E195-E2 single class high density: 146 seats
E195-E2 standard single class: 132 seats (KLM has 134 and Azul 136)
https://www.embraercommercialaviation.c ... rcial-jet/

E190-E1 which is the same as E2:
114 seats high density
100 seats typical single class

https://www.embraercommercialaviation.c ... jets/e190/


How do you compare 1 aircraft with 29-30 inch pitch in HD vs another one at 28 inch pitch? It's nonsense. You reduce the first one's pitch down to 28 inch, then you can fit in another 8 seats.

That HD E2-195 configuration is provided by Embraer as a sales pitch config that no airline in the real world will actually use.
 
Jungleneer
Posts: 101
Joined: Sat Nov 09, 2019 1:56 am

Re: Airbus A220 Sales Campaign Thread - 2021

Tue Jul 13, 2021 4:16 pm

But it is the same comparison you are doing with the A220-300 for JetBlue. You are not considering that most of the CASM reduction for the 28% number you provided came from additional seats.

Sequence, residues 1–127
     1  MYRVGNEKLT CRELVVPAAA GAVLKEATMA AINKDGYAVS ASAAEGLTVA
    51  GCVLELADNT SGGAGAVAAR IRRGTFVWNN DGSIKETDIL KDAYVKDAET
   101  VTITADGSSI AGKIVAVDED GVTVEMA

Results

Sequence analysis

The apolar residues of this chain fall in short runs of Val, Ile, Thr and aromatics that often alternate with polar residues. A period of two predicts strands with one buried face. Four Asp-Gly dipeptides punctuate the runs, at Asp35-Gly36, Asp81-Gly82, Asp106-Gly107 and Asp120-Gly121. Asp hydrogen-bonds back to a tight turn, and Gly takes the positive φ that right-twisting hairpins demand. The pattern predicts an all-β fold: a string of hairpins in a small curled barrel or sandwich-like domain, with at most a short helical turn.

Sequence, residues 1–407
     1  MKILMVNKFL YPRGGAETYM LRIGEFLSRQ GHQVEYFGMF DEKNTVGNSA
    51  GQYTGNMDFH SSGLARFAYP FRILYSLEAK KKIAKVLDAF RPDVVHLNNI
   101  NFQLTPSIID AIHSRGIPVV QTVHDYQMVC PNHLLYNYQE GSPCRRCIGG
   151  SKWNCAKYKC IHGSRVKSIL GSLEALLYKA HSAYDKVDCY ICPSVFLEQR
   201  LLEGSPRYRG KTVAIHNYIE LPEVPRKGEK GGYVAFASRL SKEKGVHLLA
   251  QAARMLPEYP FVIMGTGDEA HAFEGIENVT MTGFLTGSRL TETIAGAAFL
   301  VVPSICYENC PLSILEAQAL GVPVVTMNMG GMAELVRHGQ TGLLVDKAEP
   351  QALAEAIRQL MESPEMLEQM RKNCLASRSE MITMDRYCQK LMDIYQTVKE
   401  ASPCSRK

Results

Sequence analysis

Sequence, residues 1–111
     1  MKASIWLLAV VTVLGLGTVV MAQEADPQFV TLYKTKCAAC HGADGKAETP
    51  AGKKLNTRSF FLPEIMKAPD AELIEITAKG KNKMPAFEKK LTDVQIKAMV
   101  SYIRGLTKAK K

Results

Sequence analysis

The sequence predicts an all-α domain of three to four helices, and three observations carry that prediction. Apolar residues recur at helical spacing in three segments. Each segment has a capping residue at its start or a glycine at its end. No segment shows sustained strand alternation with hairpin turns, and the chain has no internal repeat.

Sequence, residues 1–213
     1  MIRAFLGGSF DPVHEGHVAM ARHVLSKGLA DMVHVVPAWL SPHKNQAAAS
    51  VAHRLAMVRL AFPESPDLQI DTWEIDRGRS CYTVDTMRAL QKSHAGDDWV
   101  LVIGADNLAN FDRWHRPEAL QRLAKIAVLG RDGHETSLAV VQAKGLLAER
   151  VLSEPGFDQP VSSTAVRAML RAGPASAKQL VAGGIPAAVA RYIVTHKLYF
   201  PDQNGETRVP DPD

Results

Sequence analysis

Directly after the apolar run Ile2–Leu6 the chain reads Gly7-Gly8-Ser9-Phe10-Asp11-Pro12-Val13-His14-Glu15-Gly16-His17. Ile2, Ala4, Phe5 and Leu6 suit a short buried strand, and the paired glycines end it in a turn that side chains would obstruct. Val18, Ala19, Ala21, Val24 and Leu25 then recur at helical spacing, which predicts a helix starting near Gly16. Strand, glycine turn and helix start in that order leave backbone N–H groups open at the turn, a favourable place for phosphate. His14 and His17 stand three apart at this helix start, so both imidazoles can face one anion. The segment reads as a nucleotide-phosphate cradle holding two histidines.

Therefore, you can expect the same CASM reduction or even better for E195-E2 with a 136 seats and 10% less trip costs than A220-300 (140 seats).
 
AaronPMI
Posts: 18
Joined: Wed Jun 16, 2021 10:20 am

Re: Airbus A220 Sales Campaign Thread - 2021

Tue Jul 13, 2021 4:21 pm

So many false figures are stated here. Btw Jet Blue stated that their A220 has 40 percent lower fuel burn per seat than their E190. I dont understand all this doom and gloom for the A220.
 
SA280
Posts: 76
Joined: Sat Nov 02, 2019 1:18 pm

Re: Airbus A220 Sales Campaign Thread - 2021

Tue Jul 13, 2021 4:33 pm